Tuesday, April 10, 2007

More on U.S. Support of Sunni Terrorists

Via Ken Silverstein, we learn of a CNN report alleging the U.S. government is protecting a Sunni terrorist group launching attacks into Iran. The story isn't getting much play:
The Mujahedeen-e-Khalq (MEK), an Iraqi-based Iranian opposition group, is considered a terrorist organization by the United States. Any American supporting the group can be charged with a crime. Yet the MEK “gets protection from the U.S. military despite Iraqi pressure to leave the country,” and “regularly escorts MEK supply runs between Baghdad and its base, Camp Ashraf.”

But you probably missed the story because (according to a reader who sent it to me) it was posted very briefly on CNN's front page and then quickly disappeared. No other major outlet (and very few minor ones) seem to have picked it up. The CNN story quotes Shirwan al-Wa'eli, Iraq's national security minister, as saying of the MEK, “We gave this organization a six-month deadline to leave Iraq, and we informed the Red Cross. And presumably, our friends the Americans will respect our decision and they will not stay on Iraqi land.”
The story's still there. But this connection was first reported almost a year ago:
One of the operational assets being used by the Defense Department is a right-wing terrorist organization known as Mujahedeen-e Khalq (MEK), which is being “run” in two southern regional areas of Iran. They are Baluchistan, a Sunni stronghold, and Khuzestan, a Shia region where a series of recent attacks has left many dead and hundreds injured in the last three months.

One former counterintelligence official, who wished to remain anonymous due to the sensitivity of the information, describes the Pentagon as pushing MEK shortly after the invasion of Iraq in 2003. The drive to use the insurgent group was said to have been advanced by the Pentagon under the influence of the Vice President’s office and opposed by the State Department, National Security Council and then-National Security Advisor, Condoleezza Rice.

“We disarmed [the MEK] of major weapons but not small arms. [Secretary of Defense Donald] Rumsfeld was pushing to use them as a military special ops team, but policy infighting between their camp and Condi, but she was able to fight them off for a while,” said the intelligence official. According to still another intelligence source, the policy infighting ended last year when Donald Rumsfeld, under pressure from Vice President Cheney, came up with a plan to “convert” the MEK by having them simply quit their organization.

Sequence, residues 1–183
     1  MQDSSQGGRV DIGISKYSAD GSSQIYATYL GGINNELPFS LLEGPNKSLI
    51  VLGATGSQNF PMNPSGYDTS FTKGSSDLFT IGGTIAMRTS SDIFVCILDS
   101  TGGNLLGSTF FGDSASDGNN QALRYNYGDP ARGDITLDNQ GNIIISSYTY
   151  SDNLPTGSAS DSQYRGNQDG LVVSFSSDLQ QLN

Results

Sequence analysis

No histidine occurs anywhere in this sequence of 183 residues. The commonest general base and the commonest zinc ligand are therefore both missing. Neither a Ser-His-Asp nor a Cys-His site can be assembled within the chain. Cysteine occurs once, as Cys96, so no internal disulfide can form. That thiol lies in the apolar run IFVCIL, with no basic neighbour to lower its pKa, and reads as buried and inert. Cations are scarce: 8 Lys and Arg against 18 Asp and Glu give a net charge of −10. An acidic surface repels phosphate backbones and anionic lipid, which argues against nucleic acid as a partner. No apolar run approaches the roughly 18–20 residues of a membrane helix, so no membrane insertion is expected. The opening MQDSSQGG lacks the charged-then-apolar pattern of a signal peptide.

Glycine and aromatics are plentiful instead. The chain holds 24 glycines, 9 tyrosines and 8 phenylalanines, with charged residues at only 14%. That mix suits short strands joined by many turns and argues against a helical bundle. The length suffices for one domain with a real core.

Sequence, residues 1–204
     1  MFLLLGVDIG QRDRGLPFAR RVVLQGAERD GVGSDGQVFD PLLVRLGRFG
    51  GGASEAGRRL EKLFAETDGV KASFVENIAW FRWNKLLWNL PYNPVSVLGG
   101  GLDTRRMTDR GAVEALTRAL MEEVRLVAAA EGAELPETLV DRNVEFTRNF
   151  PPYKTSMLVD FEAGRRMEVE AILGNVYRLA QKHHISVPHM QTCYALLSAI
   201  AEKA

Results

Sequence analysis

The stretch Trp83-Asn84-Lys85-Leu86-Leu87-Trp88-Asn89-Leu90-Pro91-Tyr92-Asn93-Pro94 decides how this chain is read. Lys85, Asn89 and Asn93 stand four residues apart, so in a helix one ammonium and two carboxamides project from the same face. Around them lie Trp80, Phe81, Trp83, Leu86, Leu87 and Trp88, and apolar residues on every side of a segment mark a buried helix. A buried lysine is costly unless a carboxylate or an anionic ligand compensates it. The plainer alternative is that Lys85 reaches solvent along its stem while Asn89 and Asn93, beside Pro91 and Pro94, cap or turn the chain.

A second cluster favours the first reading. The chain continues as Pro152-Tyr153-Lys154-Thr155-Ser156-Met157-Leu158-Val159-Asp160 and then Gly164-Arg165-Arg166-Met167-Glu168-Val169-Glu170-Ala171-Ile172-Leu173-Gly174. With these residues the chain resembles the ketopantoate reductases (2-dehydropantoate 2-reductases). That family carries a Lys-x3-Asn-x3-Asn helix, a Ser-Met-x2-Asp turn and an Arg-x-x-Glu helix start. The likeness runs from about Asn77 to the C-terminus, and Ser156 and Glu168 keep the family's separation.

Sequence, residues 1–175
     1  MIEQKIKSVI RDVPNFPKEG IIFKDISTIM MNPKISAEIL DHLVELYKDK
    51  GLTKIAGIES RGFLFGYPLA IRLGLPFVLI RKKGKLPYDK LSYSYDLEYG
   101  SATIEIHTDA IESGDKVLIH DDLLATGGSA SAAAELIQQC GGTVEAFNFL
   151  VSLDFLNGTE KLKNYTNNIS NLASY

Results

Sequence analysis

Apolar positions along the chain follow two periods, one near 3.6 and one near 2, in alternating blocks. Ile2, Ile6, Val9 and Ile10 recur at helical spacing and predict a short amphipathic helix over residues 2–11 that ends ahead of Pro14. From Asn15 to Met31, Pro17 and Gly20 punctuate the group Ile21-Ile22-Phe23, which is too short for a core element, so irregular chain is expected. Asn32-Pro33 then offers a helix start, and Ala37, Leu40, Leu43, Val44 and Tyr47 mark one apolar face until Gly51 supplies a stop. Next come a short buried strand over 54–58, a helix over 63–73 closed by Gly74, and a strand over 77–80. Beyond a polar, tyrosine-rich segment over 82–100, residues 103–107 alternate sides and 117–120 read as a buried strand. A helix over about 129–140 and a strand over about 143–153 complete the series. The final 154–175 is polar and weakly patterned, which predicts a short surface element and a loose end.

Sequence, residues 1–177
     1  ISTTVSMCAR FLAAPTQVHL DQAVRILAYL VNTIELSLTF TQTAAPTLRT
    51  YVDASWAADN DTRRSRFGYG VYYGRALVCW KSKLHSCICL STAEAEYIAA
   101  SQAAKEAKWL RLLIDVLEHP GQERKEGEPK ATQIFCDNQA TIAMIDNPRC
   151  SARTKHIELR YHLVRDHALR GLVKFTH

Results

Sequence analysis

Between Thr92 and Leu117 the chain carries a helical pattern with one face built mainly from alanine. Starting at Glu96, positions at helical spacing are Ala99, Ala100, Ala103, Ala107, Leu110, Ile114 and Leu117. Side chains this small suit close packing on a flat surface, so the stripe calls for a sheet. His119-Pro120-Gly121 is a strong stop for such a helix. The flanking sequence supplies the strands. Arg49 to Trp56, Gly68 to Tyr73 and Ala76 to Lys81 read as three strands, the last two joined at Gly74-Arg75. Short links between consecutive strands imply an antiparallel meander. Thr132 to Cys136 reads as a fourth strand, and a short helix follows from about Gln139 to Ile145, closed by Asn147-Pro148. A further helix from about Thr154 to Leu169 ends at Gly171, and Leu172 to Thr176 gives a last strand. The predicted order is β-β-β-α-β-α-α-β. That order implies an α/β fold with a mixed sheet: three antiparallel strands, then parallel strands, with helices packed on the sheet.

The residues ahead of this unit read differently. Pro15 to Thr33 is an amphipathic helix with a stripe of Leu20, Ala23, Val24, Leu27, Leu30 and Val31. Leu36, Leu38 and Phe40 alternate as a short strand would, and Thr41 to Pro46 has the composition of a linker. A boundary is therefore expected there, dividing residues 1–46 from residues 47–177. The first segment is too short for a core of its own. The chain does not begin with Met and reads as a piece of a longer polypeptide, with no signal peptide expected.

“These guys are nuts,” this intelligence source said. “Cambone and those guys made MEK members swear an oath to Democracy and resign from the MEK and then our guys incorporated them into their unit and trained them.”
These guys are no rag-tag band. Before we started taking advantage of their services, they were a well-armed and powerful component of Saddam Hussein's internal security forces:
The MEK was allied with the Iraqi regime and received most of its support from it. The MEK assisted the Hussein regime in suppressing opposition within Iraq, and performed internal security for the Iraqi regime.

By mid-May 2003 Coalition forces had consolidated 2,139 tanks, armored personnel carriers, artillery pieces, air defense artillery pieces and miscellaneous vehicles formerly in the possession of the Mujahedin-E Khalq (MEK) forces. The 4th Infantry Division also reported they have destroyed most of the MEK munitions and caches. The voluntary, peaceful resolution of this process by the MEK and the Coalition significantly contributed to the Coalition’s mission to establish a safe and secure environment for the people of Iraq. The 4,000 MEK members in the Camp Ashraf former Mujahedeen base were consolidated, detained, disarmed and were screened for any past terrorist acts.
That's right...tanks, and artillery pieces. And it appears that MEK members were screened not for any "past terrorist attacks" so much as their willingness to commit new ones against the "right" targets. For their trouble, the MEK is still considered a terrorist group by the State Department, though as the CNN article makes clear we are still largely protecting them at their camp in Southern Iraq pursuant to their status as a "protected people" under the Geneva Conventions:
"The coalition remains deeply committed to the security and rights of the protected people of Ashraf," U.S. Maj. Gen. John D. Gardner wrote in March 2006.

The group also enjoys the protection of the International Committee of the Red Cross.

"The ICRC has made clear that the residents of Camp Ashraf must not be deported, expelled or repatriated," according to an ICRC letter.

The State Department said Friday the Geneva Conventions protections apply only to MEK residents of Camp Ashraf, and the organization as a whole and its members elsewhere are subject to prosecution for terrorist or criminal acts.

"We still regard them as a terrorist organization," former U.S. Ambassador Zalmay Khalilzad said.
So, they are considered terrorists, but enjoy protection at their camp near the Iranian border. It would seem that so long as they're willing to stay there and not be too obvious about sneaking out (or being escorted out by American troops) to blow up targets in Iran, they'll continue to enjoy that protection.

Absurd? Just a little. Again, I understand that war makes for strange bedfellows. As I've already said, we were more than willing to give money to fighters in Afghanistan that later turned into terrorists who aimed their attacks at us. But this is splitting the hair a little too finely. Supporting a terrorist group's operations against our ostensible enemy is bad enough, but supporting a terrorist group that the Iraqi government is actually opposed to under humanitarian auspices, is just...bizarre.

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